Dear Rebel Grrrl: How do I Plan and Stick to a Workout Routine?

Hello readers and happy Monday! It’s another week of Vegan MoFo and today I want to talk about working out—it’s one of the things that all the vegan food I eat helps me do! I received an email from my friend, Lauren, who—(after flattering me silly by calling me “the healthiest person [she] knows”)—asked for advice on how to plan and stick to a workout schedule. We had a lengthy email exchange that I’d like to share because I think it might be helpful for anyone trying to get more into fitness.

A note of clarification: Lauren has a membership at Corepower Yoga. When she refers to “Vinyasa” she means a “C2” Power Vinaysa Class. “Sculpt” is a class offered at Corepower that incorporates weights, cardio, and circuit training.

A disclaimer: I am not a certified personal trainer, but I am a certified yoga teacher and sculpt teacher!


L: [Now that I’m starting grad school], I am trying to put together a running and yoga schedule for myself. Basically I’m trying to figure out if I should do something like run MWF, vinyasa in those evenings, Sculpt on Tu/Thu, rest Saturdays, Hot Yin on Sundays. Do you know the optimal way to organize that for optimal results (both physically and mentally) or can you refer me to a good website?

Also, any tips for sticking to it?  I’m really bad at being also at going all the time for maybe three weeks, then not going at all for three weeks, then going again, etc.  Thanks love!

R: I think your proposed schedule sounds *awesome,* as long as you don’t have any problems with running. I have almost the exact same schedule since I teach M/W/F and usually like doing something in the morning before teaching, then relaxing with yoga on those nights. The only other difference is that I do more High Intensity Interval Training (HIIT)-style workouts in the morning because I have bad knees and can’t run more than once or twice a week without major problems. Sculpt is HIIT-esque, but I have a lot of luck with particular YouTube trainers who provide amazing workouts in under an hour.
That said, I think the variation you suggest—cardio w/o weights via running + yoga, two days strength training—is a good one. If you are interested in building more muscle, I would consider replacing one running day with HIIT because you get bodyweight resistance in a lot of those.
As far as sticking to routine, the thing that has worked for me is that it became completely habitual for me. If you make it a habit you will stick to it! I know that sounds simplistic, but I literally feel like working out is like brushing my teeth. I wake up and workout every morning and my body expects those endorphins as a sort of wake-up, like coffee. It takes 21 days to form a habit, so if you can stick to your routine for 21 days, you will be solid! It’s easier for me in the AM than the PM, so I would recommend trying to take Sculpt morning classes if possible. That way you are training your body to wake up and crave endorphins Su-Fr. As for getting to the night classes, I made it part of my self-care nights. Nights I didn’t go out. Nights I would look forward to showering and putting on pjs. It feels like a luxury and a wonderful gift to myself at the end of long days.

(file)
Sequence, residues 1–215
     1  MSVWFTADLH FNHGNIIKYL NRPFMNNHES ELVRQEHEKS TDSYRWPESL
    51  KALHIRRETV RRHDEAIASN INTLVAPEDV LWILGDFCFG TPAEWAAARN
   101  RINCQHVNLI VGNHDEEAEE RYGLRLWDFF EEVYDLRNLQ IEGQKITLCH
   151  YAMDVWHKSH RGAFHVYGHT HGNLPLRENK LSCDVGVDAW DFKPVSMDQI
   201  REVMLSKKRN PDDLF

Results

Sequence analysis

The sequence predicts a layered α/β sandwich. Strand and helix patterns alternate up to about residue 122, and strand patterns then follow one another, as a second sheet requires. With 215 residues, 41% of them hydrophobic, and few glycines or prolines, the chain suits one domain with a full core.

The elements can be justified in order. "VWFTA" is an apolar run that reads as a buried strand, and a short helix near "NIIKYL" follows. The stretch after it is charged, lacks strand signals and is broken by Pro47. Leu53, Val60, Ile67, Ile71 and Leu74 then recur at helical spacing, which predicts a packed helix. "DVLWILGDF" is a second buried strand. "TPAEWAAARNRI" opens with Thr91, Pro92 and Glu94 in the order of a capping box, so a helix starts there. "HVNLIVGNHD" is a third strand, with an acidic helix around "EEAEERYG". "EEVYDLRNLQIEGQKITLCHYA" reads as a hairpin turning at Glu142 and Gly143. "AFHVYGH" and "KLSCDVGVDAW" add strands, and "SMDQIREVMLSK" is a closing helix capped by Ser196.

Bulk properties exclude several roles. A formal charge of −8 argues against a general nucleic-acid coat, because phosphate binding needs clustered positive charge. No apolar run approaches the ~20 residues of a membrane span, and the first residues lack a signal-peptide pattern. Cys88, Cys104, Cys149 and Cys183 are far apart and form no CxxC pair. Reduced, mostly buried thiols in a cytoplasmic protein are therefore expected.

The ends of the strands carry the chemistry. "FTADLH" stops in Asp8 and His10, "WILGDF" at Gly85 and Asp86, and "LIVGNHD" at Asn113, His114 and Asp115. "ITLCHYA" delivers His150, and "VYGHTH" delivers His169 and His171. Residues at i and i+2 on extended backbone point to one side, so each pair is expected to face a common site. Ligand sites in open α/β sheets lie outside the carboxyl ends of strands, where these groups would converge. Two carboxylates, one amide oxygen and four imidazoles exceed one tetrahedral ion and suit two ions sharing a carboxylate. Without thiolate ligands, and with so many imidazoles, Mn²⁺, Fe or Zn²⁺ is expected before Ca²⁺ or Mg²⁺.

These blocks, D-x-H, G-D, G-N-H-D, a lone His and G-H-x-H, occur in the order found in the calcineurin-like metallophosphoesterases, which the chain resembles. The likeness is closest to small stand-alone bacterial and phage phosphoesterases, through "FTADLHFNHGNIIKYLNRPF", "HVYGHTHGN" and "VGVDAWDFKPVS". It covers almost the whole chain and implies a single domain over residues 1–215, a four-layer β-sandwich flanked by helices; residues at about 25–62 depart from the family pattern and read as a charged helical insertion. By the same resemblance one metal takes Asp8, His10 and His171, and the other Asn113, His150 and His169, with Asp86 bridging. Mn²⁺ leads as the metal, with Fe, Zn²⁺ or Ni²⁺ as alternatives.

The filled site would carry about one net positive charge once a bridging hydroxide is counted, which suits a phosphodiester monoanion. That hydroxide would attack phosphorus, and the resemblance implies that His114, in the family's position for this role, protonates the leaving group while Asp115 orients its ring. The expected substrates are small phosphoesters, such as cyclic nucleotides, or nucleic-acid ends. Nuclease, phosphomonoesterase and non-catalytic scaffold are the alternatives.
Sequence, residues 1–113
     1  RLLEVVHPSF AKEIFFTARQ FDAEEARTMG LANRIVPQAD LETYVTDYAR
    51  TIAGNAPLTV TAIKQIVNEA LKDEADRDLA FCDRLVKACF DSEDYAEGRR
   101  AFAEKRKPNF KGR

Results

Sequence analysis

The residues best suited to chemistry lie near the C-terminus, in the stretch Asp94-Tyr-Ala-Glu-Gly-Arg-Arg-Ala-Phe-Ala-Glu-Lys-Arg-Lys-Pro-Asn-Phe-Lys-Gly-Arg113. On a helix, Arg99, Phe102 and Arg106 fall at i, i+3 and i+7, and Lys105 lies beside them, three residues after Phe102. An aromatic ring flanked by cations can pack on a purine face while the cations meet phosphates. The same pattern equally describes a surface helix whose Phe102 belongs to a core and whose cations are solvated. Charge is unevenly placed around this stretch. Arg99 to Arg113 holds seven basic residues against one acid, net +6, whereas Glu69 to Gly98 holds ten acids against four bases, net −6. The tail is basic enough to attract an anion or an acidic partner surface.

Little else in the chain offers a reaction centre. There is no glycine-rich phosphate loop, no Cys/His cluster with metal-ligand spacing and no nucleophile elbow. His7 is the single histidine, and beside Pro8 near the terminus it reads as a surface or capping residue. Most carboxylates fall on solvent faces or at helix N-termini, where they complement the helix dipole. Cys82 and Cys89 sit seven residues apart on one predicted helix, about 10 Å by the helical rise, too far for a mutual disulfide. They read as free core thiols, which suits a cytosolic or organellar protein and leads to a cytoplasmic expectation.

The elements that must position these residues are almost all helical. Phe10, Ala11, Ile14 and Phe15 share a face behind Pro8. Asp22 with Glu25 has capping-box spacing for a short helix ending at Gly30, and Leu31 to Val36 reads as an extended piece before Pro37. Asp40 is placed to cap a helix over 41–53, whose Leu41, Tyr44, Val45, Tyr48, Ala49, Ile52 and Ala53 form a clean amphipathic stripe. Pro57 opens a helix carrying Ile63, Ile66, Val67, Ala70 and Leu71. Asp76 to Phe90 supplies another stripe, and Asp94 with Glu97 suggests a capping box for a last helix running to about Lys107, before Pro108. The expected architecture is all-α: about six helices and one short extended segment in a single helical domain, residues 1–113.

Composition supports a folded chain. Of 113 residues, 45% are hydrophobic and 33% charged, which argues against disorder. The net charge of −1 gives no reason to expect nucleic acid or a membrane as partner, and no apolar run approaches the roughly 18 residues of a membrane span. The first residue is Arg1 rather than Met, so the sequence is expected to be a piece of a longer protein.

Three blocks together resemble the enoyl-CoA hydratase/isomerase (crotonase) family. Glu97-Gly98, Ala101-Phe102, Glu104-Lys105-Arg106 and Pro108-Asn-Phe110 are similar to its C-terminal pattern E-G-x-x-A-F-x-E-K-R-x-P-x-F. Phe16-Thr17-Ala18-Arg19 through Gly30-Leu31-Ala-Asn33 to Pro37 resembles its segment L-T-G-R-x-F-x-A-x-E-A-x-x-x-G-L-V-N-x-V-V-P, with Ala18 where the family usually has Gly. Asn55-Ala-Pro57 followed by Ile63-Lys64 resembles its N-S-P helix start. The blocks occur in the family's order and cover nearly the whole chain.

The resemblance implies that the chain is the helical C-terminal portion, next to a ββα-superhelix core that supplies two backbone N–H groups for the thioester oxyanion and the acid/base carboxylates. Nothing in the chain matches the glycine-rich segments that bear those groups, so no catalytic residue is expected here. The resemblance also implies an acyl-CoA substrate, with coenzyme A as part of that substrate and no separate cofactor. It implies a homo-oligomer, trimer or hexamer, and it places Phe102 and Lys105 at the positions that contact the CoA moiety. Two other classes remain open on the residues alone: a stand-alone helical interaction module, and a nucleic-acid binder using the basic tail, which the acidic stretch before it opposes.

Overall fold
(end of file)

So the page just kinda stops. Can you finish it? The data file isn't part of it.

The other thing I’ll say is that the C2 classes are intense and could be a workout in their own right. As I said, I also end up doing two workouts a day when I take those classes at night, but just remember to properly re-fuel and definitely hydrate, hydrate, hydrate!
If it feels overwhelming, I would advise skipping one of your night classes or even trying two rest days instead of one. But I can’t stress enough the magic of consistent morning workouts. That’s not everyone’s experience, but it has definitely been key for me. If that doesn’t seem like a good trick for you, maybe consider looking into some fitness apps? I don’t use them very often, but I know people have a lot of luck with that stuff!
If you are interested in HIIT, here is my YouTube playlist that I do a lot.
L: Thank you! A few more thoughts/questions…
The schedule I gave you is the absolute ideal, albeit slightly ambitious.  The other studio near me does a Hot Yin in the evenings which is amazing stretching and helps me sleep.  I’ve found that I’m wide awake if I do something more rigorous right before bed.  So that’s another tricky part.  When you say I can add an extra rest day, is it better to do that mid week, like Wednesday, or on Sunday?  I had a coworker who said he went to the gym M-F, but if he missed a day he made it up on the weekends, which seems like a good plan since my weekend schedules tend to be inconsistent. But logic is telling me my body would prefer Wednesday?  Do advise!
Running is actually easier for me than yoga, as long as the weather is warmish.  I believe this is due to the habit I formed after joining cross country in high school, my love of being outside, and naturally strong legs.  My trouble is I don’t push myself enough- if I start feeling not so great I’ll turn around and head home sooner than the goal I set. I also tend to get stuck in a pattern of 2-3 miles at the same pace.  
During yoga, on the other hand, I tend to go all out. I think this is because there’s a instructor acting as cheerleader, an audience (even though I know I should just focus on me!), and I am paying a ridiculous amount so I want to get my money’s worth.  I lack arm strength however, so I shy away from sculpt or feel like the least fit one in the room when I do go.  I love Hot Power Fusion the most, get bored in C1 and feel lost in C2, ha!